in these groups. In ESL BW 2 there is also a need for conversation, discussion,
and readings which focus on cultural experiences in the United States
and other countries.
There are daily reading/writing assignments that are discussed in
class, often in small-group situations. Internet research assignments
are also given.
Method of Evaluation:
A modified version of Kingsborough's portfolio assessment system,
which is used to evaluate students in ESL and developmental English courses,
will be used. Portfolios will include two revised essays with all drafts
and a final in-class essay.
Readings consist of essays, magazine articles, and fiction/non-fiction
books of varying lengths.
Instructors choose from the list of recommended books. Books are often
suggested and added to the list. Books preceded by an asterisk are those
that are recommended for ESL BW 2.
M. Dibs In Search of Self. Ballantine Books, 1964.
Cisneros, Sandra. The House on Mango Street. Random House, 1991.
Columbo, Gary. Rereading America. St. Martin's Press, 1989.
Danticat, E. Breath, Eyes, Memory. Soho Press, 1994.
Divakaruni, Chitra B. Multitude. McGraw Hill, 1993.
Dorris, Michael. The Broken Cord. Harper Perennial, 1989.
*Grisham, John. The Firm. Dell Publishing, 1992.
*Hemingway, Ernest. The Old Man and The Sea. Macmillian Publishing
Company: New York, 1987.
*Kirszner, Laurie and Stephen Mandell. Common Ground: Reading and Writing
about America's Cultures. St. Martin's Press, 1993.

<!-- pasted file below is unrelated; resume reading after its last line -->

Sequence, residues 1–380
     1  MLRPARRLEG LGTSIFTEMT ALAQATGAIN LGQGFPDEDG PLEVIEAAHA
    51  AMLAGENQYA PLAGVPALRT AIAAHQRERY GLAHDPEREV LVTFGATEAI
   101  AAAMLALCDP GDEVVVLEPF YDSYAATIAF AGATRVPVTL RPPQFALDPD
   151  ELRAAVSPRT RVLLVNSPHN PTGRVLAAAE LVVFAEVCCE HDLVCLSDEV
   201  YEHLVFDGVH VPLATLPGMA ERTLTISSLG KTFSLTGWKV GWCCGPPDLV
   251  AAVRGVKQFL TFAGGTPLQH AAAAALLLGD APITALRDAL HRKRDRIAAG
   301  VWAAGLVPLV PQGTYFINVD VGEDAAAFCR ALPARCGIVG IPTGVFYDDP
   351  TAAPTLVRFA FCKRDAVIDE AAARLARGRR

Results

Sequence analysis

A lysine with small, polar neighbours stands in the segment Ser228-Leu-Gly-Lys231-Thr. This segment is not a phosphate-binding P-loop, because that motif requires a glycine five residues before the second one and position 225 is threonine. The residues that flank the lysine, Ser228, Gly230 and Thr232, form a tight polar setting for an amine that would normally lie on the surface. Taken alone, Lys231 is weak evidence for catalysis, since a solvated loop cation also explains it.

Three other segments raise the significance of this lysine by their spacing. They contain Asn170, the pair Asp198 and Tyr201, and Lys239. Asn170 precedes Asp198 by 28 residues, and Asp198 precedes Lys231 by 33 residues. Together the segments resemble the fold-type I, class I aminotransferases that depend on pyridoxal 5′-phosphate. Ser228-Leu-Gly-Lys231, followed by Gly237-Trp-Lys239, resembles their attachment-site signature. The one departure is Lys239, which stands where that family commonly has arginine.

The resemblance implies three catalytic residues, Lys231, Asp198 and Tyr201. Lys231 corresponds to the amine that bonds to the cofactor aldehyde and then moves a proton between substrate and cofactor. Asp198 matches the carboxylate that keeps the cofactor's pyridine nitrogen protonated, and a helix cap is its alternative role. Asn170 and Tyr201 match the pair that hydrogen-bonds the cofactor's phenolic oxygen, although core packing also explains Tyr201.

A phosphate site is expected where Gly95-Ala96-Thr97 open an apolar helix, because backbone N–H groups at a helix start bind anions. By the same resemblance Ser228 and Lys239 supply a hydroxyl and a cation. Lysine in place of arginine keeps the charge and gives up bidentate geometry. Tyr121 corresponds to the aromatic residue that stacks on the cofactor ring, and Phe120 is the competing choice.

*Kunz, Linda A. 26 Steps - Controlled Composition for Intermediate
and Advanced Language Development. New Jersey Prentice Hall Regents,
Letkowitz, N. From Process to Product Beginning/Intermediate Writing
Skills for Students Of ESL. Prentice Hall Regents, 1987.
*MacGowan-Gilhooly, Adele. Achieving Fluency in English. Kendell-Hunt,
MacGowan-Gilhooly, Adele. Achieving Clarity in English. Kendell-Hunt,
McKay, S. and Petitt, D. At the Door: Selected Literature for ESL Students.
Prentice Hall Regents, 1984.
Moody, Anne. Coming of Age in Mississippi. Dell, 1976.
Reid, Joy M. The Process of Paragraph Writing (2nd edition). Prentice
Hall Regents, 1994.
*Steinbeck, John. The Pearl. Viking Penguin, 1993.
Tan, Amy. The Joy Luck Club. Ballantine Books, 1989.
*Yezierska, Anzia. Bread Givers. Persea Books, 1980.
Book & Video. Prentice Hall: Englewood Cliffs, NJ. ISBN 0135039886.
Endy, Maxine (ESL CN Faculty Member). A Living Resource Integrating
the Internet in the College Now ESL Curriculum. January 2001.
Health Watch Book & Video. Prentice Hall: Englewood Cliffs, NJ.
Newsweek Website: newsweekeducation.com.
New York Times Website: nytimes.com/learning.
Internet availability in computer classrooms.